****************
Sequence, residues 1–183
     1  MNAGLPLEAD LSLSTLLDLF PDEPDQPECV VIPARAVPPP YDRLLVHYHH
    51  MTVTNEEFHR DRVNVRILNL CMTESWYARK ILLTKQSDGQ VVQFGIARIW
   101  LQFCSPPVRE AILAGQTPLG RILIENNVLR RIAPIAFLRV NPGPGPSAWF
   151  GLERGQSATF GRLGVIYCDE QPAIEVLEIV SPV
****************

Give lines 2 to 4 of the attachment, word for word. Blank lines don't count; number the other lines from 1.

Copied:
     1  MNAGLPLEAD LSLSTLLDLF PDEPDQPECV VIPARAVPPP YDRLLVHYHH
    51  MTVTNEEFHR DRVNVRILNL CMTESWYARK ILLTKQSDGQ VVQFGIARIW
   101  LQFCSPPVRE AILAGQTPLG RILIENNVLR RIAPIAFLRV NPGPGPSAWF